An Investigation of Seismic Velocity Variation through a Tectonic Boundaries-Case Study in Central Iraq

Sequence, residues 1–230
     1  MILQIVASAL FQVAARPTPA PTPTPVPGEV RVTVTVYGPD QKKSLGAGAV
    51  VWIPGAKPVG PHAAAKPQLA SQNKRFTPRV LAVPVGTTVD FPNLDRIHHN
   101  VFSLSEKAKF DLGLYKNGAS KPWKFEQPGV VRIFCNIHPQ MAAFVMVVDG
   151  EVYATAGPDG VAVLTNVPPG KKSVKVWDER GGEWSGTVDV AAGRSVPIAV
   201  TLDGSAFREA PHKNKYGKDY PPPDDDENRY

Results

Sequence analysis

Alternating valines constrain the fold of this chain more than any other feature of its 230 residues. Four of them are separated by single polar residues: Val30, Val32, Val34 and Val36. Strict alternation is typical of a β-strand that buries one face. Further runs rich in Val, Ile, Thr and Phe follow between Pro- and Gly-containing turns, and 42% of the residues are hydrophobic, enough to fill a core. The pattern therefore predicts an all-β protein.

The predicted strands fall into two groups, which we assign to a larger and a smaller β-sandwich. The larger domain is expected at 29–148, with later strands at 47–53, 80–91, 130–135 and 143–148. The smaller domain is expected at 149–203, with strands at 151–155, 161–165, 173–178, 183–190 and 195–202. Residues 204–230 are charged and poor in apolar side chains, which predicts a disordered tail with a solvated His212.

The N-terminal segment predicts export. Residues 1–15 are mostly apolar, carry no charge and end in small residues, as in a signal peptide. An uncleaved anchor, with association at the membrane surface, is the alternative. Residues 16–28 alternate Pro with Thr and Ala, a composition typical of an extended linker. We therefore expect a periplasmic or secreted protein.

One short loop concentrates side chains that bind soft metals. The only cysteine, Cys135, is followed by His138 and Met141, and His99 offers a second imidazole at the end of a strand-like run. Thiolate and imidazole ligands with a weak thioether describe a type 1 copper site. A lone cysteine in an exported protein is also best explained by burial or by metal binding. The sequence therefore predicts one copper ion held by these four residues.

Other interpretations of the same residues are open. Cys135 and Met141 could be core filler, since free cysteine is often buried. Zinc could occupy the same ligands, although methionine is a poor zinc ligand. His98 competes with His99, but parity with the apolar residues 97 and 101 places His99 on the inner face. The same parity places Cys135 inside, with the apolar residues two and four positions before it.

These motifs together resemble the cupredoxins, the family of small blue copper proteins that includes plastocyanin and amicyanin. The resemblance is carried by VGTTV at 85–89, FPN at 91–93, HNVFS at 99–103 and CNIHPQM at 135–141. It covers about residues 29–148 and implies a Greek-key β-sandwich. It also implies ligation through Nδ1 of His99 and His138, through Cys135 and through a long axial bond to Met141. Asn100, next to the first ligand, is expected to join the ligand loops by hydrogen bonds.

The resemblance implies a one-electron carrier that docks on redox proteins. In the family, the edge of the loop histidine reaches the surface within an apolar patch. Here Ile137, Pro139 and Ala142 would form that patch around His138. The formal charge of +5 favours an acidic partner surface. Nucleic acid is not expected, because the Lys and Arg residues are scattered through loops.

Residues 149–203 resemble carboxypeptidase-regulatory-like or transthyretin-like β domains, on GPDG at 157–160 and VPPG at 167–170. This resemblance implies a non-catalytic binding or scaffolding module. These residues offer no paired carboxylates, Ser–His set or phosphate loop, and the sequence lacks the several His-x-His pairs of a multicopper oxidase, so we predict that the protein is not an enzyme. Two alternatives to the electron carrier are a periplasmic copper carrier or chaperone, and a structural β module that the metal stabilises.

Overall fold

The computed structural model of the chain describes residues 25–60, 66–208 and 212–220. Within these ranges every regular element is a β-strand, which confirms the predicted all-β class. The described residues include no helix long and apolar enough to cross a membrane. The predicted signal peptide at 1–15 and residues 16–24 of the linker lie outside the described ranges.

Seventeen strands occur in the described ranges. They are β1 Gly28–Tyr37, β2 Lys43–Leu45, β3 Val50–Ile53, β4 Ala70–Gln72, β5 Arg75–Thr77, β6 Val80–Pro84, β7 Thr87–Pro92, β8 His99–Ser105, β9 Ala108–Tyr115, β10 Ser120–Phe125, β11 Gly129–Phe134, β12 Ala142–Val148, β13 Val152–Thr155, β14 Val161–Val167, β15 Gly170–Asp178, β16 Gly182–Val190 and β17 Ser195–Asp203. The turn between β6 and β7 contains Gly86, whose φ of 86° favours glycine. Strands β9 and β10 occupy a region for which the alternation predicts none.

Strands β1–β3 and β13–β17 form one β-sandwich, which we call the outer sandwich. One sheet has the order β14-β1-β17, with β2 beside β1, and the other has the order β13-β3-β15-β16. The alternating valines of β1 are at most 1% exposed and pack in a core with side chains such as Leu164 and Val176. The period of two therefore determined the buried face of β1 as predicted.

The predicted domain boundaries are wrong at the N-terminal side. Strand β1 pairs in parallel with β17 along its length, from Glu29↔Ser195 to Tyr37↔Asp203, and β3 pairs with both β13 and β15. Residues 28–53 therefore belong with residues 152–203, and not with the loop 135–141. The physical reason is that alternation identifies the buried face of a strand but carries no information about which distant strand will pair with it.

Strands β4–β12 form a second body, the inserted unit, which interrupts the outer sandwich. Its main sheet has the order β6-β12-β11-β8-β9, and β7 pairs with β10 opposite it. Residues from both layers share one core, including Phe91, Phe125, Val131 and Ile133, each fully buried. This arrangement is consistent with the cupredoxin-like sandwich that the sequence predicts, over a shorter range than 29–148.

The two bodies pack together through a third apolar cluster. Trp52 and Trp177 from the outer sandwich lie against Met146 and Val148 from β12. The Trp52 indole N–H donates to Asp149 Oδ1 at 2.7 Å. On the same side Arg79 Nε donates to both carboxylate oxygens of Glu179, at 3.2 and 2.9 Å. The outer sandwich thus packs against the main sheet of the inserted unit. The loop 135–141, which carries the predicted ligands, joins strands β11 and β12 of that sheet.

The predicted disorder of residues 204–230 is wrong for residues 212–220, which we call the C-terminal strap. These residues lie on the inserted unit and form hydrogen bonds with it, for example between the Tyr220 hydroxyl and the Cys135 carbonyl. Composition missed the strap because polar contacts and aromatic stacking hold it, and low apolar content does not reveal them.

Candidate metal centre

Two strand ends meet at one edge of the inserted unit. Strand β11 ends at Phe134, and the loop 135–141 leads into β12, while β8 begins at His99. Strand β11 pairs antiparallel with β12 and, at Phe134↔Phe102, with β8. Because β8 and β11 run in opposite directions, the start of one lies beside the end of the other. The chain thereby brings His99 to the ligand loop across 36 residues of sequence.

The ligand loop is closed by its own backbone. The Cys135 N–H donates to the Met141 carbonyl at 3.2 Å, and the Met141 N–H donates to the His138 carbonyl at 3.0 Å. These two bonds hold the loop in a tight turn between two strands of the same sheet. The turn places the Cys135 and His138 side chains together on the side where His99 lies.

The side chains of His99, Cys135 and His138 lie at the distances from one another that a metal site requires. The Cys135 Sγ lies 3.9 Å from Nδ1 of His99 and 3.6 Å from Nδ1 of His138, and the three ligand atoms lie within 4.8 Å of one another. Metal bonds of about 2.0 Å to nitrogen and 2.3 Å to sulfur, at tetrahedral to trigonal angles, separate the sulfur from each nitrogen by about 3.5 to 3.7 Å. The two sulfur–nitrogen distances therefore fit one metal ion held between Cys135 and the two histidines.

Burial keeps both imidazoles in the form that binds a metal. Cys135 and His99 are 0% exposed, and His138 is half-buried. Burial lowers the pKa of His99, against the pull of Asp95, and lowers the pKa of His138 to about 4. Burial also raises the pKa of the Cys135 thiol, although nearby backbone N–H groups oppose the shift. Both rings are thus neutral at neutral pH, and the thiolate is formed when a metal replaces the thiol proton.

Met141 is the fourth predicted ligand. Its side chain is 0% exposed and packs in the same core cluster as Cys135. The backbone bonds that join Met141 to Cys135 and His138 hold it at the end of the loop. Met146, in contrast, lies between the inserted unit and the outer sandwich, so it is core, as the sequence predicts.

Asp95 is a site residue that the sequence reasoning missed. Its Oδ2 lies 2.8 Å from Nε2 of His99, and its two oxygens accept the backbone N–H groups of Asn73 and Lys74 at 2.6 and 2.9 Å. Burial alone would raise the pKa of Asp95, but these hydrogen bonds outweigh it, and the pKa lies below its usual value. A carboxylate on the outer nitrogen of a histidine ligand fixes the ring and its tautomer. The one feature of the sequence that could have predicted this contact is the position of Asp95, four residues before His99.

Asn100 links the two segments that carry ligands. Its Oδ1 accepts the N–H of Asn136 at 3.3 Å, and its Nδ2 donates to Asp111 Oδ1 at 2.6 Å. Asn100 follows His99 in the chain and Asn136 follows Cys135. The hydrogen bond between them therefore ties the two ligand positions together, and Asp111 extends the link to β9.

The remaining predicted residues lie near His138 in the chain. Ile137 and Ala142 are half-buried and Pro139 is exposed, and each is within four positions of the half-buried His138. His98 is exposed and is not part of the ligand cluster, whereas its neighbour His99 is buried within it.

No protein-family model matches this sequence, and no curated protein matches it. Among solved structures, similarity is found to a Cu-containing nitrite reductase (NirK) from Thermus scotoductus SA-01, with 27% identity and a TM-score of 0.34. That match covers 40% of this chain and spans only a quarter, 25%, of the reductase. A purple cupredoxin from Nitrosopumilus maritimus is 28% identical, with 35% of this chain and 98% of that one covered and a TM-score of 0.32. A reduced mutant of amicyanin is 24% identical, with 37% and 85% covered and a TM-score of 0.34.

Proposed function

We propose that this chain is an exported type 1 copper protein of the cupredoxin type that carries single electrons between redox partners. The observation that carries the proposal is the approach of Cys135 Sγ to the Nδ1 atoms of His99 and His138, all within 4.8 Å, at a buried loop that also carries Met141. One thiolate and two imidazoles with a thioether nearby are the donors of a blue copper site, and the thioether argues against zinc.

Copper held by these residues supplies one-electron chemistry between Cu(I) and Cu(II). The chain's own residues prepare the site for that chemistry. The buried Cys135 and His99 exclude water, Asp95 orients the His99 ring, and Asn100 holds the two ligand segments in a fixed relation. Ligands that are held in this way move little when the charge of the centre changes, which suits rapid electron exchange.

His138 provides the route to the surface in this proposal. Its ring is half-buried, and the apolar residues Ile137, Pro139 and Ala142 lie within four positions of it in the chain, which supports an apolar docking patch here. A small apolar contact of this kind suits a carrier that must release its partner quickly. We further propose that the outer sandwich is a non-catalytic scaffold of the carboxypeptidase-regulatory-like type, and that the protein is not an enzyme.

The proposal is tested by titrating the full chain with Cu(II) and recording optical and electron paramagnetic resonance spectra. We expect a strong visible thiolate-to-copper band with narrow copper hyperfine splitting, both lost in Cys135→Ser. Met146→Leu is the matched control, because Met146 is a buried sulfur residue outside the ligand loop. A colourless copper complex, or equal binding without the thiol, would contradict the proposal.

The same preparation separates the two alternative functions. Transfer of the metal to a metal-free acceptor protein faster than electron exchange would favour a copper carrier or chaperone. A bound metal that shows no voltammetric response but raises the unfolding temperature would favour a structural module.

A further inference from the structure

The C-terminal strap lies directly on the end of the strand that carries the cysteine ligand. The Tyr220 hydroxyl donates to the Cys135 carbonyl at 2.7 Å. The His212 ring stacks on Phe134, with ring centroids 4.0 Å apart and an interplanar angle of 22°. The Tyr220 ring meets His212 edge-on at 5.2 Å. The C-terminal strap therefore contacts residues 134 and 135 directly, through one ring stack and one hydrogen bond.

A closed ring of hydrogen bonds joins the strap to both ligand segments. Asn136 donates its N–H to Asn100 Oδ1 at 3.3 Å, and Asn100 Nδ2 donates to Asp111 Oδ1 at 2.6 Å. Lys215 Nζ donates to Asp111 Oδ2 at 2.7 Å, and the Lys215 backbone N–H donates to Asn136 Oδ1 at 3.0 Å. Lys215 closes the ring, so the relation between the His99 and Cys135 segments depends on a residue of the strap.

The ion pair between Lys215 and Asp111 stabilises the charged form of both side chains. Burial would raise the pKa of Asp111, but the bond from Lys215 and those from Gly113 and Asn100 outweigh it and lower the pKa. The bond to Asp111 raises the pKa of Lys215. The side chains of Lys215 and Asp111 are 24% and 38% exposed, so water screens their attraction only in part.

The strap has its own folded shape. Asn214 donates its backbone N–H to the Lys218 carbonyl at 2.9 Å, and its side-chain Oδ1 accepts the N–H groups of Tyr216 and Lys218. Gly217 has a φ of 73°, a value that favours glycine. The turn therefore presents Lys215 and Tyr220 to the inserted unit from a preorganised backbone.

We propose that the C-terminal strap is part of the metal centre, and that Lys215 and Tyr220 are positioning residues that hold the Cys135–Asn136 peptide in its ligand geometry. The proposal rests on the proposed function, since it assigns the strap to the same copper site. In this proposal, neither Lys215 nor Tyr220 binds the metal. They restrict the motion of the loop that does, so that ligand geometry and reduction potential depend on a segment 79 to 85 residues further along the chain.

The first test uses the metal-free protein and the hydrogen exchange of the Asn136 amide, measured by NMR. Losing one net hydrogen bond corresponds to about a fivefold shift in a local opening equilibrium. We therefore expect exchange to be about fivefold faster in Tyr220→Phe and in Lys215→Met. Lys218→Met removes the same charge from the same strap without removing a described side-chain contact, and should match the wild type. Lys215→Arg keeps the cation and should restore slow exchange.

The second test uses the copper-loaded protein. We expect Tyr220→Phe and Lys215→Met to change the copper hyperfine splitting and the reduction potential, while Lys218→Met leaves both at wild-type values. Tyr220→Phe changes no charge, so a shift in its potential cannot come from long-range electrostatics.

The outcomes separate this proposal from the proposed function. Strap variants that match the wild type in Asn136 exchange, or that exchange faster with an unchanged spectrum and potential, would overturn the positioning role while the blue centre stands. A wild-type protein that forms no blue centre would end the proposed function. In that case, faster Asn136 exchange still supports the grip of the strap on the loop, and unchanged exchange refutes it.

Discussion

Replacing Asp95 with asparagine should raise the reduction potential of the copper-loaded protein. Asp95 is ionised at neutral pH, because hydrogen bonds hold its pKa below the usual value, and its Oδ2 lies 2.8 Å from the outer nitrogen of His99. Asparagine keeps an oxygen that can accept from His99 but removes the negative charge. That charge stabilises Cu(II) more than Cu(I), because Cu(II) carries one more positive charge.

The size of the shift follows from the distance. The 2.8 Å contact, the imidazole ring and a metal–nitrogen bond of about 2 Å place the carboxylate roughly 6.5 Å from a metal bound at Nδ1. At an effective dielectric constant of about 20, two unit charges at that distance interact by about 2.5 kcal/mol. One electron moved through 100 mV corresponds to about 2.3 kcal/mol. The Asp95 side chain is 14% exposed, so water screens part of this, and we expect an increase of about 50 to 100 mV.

A 3D velocity model was created by using stacking velocity of 9 seismic lines and average velocity of 6 wells drilled in Iraq. The model was achieved by creating a time model to 25 surfaces with an interval time between each two successive surfaces of about 100 msec. The summation time of all surfaces reached about 2400 msec, that was adopted according to West Kifl-1 well, which penetrated to a depth of 6000 m, representing the deepest well in the study area. The seismic lines and well data were converted to build a 3D cube time model and the velocity was spread on the model. The seismic inversion modeling of the elastic properties of the horizon and well data was applied to achieve a corrected velocity cube. Then, the velocity cube was converted to a time model and, finally, a corrected 3D depth model was obtained. This model shows that the western side of the study area, which is a part of the stable shelf, is characterized by relatively low thickness and high velocity layers. While the eastern side of the study area, which is a part of the Mesopotamian, is characterized by high thickness and low velocity of the Cretaceous succession. The Abu Jir fault is considered as a boundary between the stable and unstable shelves in Iraq, situated at the extreme west part of the study area. The area of relatively high velocity gradient is considered as the limit of the western side of the Mesopotamian basin. This area extends from Najaf-Karbala axis in the west to the Euphrates River in the east. It is found that the 3D stacking velocity model can be used to obtain good results concerning the tectonic boundary.